Monday, September 23, 2013

Monday night open line: Obamacare, teacher insurance, Mark Martin's fight against FOI

Posted By on Mon, Sep 23, 2013 at 3:46 PM

click to enlarge TRUCKIN' In a state where such sentiments are prominently displayed, it's not surprising that release of Obamacare insurance rates -- though much better than expected -- were still greeted by non-stop Tea Party howling. The photographer/reader notes, unkindly, that the driver's Hogs weren't so hot Saturday either. He wondered  if the armed service branch plate belongs to a commissioned officer. Officers are generally expected to give more deference to the chain of command.
  • TRUCKIN' In a state where such sentiments are prominently displayed, it's not surprising that release of Obamacare insurance rates -- though much better than expected -- were still greeted by non-stop Tea Party howling. The photographer/reader notes, unkindly, that the driver's Hogs weren't so hot Saturday either. He wondered if the armed service branch plate belongs to a commissioned officer. Officers are generally expected to give more deference to the chain of command.

The Monday night line is open. Final items:

* CHILD INJURED BY DOG: Faulkner County authorities say a three-year-old boy was seriously injured when his grandfather's pit bull escaped from a chain and attacked the child. The dog was killed by authorities, Fox 16 reported.

* SECRETARY OF STATE MARK MARTIN CONTINUES TO FIGHT FOI REQUEST: Matt Campbell reports that Circuit Judge Tim Fox has refused Secretary of State Mark Martin's request that the judge reconsider his ruling that Martin couldn't hire an outside counsel to defend the office in a Freedom of Information Act lawsuit. The law prohibits Martin from using outside counsel rather than the attorney general without first clearing it with the a.g. Martin didn't. The bigger issue is that Campbell, who writes Blue Hog Report, has made a valid request for information and Martin is flouting the law by not providing all relevant documents. Good government.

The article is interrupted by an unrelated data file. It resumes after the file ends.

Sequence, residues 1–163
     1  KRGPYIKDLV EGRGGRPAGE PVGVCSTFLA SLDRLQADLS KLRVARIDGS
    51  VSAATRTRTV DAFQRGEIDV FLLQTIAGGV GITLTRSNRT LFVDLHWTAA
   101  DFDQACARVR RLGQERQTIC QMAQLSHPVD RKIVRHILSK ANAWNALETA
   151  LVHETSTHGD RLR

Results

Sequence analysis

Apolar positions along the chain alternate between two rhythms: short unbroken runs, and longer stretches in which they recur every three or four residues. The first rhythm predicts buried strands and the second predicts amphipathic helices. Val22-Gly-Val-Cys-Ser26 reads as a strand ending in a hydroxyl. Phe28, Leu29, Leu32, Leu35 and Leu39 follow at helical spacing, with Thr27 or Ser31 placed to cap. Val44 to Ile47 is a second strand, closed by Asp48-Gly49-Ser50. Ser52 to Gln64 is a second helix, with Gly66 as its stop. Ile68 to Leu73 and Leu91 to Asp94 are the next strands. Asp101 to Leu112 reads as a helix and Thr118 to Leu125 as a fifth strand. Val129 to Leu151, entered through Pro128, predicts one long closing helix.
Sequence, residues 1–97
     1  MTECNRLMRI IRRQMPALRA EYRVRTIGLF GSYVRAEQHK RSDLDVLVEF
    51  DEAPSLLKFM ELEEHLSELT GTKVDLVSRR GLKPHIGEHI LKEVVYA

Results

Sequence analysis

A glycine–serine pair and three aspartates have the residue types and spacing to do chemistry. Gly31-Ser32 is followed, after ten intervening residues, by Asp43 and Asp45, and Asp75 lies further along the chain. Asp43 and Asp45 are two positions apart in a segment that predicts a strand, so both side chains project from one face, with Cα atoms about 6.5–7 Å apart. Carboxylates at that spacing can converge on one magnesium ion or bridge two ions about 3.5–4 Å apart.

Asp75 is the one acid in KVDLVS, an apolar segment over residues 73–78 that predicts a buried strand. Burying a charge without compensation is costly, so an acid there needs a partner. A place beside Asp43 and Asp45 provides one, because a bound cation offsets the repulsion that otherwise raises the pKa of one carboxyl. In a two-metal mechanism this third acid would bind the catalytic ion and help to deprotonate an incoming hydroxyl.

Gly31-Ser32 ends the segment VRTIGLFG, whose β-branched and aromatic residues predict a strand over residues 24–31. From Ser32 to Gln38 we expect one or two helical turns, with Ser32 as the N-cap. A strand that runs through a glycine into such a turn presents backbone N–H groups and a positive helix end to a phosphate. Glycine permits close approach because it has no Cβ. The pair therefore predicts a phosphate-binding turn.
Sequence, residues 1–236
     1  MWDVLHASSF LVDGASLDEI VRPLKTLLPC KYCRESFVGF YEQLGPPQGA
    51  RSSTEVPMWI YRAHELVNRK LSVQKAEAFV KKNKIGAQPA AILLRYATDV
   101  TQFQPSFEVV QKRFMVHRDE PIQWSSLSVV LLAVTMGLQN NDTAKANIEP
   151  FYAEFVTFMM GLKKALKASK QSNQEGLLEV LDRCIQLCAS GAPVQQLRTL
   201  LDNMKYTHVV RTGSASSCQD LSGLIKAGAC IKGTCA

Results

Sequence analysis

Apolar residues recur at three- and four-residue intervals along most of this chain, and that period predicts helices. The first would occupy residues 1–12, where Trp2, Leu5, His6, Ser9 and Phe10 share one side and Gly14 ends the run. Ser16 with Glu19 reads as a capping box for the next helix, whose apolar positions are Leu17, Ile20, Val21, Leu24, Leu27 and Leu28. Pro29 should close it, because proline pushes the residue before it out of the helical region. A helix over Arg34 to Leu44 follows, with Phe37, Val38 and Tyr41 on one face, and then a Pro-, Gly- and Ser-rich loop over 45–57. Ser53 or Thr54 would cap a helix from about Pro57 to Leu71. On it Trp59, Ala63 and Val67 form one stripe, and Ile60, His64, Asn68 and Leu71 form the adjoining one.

* TEACHERS INSURANCE: Gov. Mike Beebe said no deal is done yet on a possible solution to a huge jump in health insurance for Arkansas teachers. He announced a one-month delay, until Nov. 1, for open enrollment for school employee insurance. He said he hoped for a consensus by Oct. 15, time to give the board that oversees employment benefits to plan for a new start date. 

* JOSH HASTINGS TRIAL: UPDATE: Reports from the courthouse are that Circuit Judge Wendell Griffen has completed a jury — 12 (seven women and five men) plus two male alternates — to hear the manslaughter charge agains the former Little Rock cop. The trial will begin Tuesday. I have no word yet on the racial breakdown of the jury, which will consider the case of a white police officer who shot a black youth with a record before a black judge who's sternly warned parties about his intentions to keep racial bias out of the case. UPDATE: There are two black women on the jury. The remaining 10 are all white, five men and five women.

* LITTLE ROCK SCHOOL DISTRICT SEEKS HEARING DELAY: The Little Rock School District has asked for a stay of a scheduled December hearing on whether to end state desegregation payments to the school district. Judge Price Marshall had refused a delay previously. The district wants a delay until it has a ruling from the 8th U.S. Circuit Court on its objection to state approval of open enrollment charter schools in Pulaski County that bleed students from the local school districts. John Walker, representing black families in the lawsuit, joined the request for a stay. Here's the brief.

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